agreement of all contracting Powers is required. An inextricable legal
tangle would result if, for instance, it were held that the régime of
neutralization provided for in Article 11 of the General Act of Berlin might
be in force for some contracting Powers while it had ceased to operate for
 It must not be forgotten that Article 36 of the Act of Berlin merely
repeats, superfluously, the "essential principle of international law"
formulated - not for the first time - by the Protocol of London of 1871. It
is by agreement, that is to say upon the consent of all Powers parties to
the General Act of Berlin, that that instrument may be modified. But this
would have been the case even if Article 36 had not existed.
 It is interesting to observe with what constitutional nicety the
General Act of Berlin was modified at the Brussels Slavery Conference
(1890). One State which was not a party to the General Act of Berlin was
present at this Conference, namely Persia. That country could take part in
the General Act upon the slave trade, but not in the revision of the General
Act of Berlin, to which it had not adhered. For this reason, the Declaration
of Brussels modifying the General Act of Berlin runs as follows:
"The Powers assembled in Conference at Brussels, who have ratified the
General Act of Berlin of February 26th, 1885, or who have acceded thereto,
Have agreed to make the following Declaration:
The ratifications of the present Declaration shall be exchanged at the same
time as those of the General Act of this day."
 In 1919, some of the Powers parties to the General Act of Berlin,
including the two States which have submitted the present case to the Court,
acted in an entirely different manner. Without inviting the other
contracting Parties to take part in the Conference which they held, they
thought themselves entitled at that Conference to modify the General Act of
Berlin inter se. It seems clear that in proceeding thus they acted contrary
not only to an essential principle of international law, but also [p135] to
Article 36 of the General Act of Berlin, which expressly provides that
modifications may only be made in the General Act by agreement. This is a
legal situation of such importance that a tribunal should reckon with it ex
officio. The only convention which the Court could apply is the Act of
Berlin. If the Court had done so, it would have applied the Act of Berlin
alone. It should be observed here that the validity of the Convention of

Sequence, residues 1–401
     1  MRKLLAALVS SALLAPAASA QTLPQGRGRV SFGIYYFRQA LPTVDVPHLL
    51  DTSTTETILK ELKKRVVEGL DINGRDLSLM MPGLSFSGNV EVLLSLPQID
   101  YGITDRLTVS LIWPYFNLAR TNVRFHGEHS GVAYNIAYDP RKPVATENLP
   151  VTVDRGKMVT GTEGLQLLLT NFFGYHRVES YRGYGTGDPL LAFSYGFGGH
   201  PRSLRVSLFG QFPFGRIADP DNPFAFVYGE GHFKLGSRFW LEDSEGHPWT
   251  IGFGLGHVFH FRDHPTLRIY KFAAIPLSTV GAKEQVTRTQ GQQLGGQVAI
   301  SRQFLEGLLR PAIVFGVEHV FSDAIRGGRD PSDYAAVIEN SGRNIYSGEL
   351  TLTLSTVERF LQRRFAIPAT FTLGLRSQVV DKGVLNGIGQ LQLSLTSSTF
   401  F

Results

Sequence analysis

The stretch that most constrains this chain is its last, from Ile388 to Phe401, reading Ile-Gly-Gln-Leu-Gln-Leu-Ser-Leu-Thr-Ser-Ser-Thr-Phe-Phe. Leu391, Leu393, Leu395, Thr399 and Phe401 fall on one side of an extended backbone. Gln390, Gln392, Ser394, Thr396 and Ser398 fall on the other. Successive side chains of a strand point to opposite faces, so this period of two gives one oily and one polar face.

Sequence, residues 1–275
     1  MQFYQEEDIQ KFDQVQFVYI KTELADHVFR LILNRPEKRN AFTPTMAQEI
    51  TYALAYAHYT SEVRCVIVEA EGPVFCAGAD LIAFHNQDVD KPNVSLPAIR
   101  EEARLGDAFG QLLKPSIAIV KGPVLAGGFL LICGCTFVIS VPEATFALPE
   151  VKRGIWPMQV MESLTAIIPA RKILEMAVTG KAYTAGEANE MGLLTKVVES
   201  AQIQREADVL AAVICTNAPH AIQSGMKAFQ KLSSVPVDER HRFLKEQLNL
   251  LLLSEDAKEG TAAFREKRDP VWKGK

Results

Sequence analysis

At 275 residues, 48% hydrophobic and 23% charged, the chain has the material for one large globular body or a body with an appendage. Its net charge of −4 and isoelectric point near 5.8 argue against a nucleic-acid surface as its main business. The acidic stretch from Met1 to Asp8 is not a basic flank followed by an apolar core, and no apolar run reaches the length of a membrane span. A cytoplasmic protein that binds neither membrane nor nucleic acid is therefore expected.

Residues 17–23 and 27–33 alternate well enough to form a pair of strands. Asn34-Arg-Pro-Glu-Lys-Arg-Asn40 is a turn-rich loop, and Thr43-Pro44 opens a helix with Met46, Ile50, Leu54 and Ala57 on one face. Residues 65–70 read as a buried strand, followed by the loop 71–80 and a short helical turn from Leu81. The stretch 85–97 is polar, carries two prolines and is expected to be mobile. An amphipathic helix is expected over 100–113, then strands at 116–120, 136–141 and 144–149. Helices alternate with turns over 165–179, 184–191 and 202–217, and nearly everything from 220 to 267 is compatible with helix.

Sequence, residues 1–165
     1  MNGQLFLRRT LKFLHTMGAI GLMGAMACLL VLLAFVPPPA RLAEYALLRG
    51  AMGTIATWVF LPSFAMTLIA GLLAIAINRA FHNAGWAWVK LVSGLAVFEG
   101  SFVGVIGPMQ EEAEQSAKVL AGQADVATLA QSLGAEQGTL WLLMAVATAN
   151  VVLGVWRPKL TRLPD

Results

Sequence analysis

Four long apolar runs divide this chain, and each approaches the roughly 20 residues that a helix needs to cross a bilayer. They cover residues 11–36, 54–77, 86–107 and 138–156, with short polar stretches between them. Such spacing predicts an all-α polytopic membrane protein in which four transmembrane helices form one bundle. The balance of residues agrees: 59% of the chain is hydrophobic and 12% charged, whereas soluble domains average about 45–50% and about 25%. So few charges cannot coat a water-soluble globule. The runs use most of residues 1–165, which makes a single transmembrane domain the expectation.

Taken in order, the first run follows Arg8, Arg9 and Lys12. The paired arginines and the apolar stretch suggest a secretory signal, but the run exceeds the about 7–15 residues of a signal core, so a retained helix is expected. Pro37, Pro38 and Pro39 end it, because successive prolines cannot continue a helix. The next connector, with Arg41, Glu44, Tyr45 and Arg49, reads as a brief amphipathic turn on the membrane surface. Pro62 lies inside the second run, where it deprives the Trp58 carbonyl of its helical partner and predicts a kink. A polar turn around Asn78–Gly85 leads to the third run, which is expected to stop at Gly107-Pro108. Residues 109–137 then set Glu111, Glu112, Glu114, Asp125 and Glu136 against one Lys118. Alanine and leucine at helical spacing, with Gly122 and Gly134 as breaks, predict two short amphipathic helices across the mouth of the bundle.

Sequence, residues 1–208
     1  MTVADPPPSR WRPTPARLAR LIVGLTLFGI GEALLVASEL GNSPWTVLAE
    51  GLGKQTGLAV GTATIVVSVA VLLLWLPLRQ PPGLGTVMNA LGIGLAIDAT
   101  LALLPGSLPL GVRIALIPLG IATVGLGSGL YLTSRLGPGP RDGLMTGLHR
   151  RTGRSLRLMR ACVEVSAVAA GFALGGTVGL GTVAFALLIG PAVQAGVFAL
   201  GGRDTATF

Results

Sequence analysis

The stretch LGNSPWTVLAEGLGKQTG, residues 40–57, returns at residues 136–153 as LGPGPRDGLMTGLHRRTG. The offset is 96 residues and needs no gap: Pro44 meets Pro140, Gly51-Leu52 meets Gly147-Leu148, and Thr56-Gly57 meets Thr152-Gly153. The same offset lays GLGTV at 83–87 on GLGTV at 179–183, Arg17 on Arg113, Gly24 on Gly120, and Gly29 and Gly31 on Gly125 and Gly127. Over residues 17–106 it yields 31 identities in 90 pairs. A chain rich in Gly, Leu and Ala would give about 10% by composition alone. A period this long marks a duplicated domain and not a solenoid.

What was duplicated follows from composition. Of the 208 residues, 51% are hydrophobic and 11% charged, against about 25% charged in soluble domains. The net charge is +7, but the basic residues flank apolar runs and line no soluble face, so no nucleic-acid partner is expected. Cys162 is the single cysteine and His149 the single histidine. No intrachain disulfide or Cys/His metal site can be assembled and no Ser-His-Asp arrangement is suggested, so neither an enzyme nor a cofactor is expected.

Saint-Germain cannot, as the Court seems to hold, be dependent on the
question whether or not any government has disputed its validity; moreover,
the Court has not gone into this question. In applying the Act of Berlin,
the Court's task would have been singularly facilitated by the fact that,
with regard to the legal relations in issue in the Chinn case, Articles 3
and 5 of the Convention of Saint-Germain simply reaffirm Articles 5 and 13
of the Act of Berlin.
 In making the foregoing observations, the undersigned has not lost
sight of the fact that, up to a certain point, the parties to a case may
specify in the Special Agreement the rules of law which the Court to which
they have recourse is to apply. Article 38 of the Court's Statute provides
for this amongst other things when it says: "The Court shall apply
international conventions, whether general or particular, establishing rules
expressly recognized by the contesting States." Although the Special
Agreement in the present case is silent on the question what rules of law
the Court is to apply, and although consequently it does not constitute a
special convention specifying rules expressly accepted by Great Britain and
Belgium, the question might perhaps be raised whether, since the two Parties
clearly indicated both in the written and oral proceedings that they
considered themselves bound by the Convention of Saint-Germain, it would not
follow that this Convention constitutes for them an immediate source of
special treaty law applicable in this case.
 Even adopting this line of reasoning, it seems difficult to hold that
the two Parties could adduce the Convention of Saint-Germain.
 If, in a given case, no international law exists or if the law is
uncertain, it is comprehensible that the parties, in resorting to an
international tribunal, should at the same time determine the law to be
applied. The classic example of this is the Alabama case between the United
States of America and Great Britain; at the time, i.e. after the civil war,
the law of neutrality which, in the contention of the United States, had
been violated by Great Britain, was very uncertain. In a Special Agreement,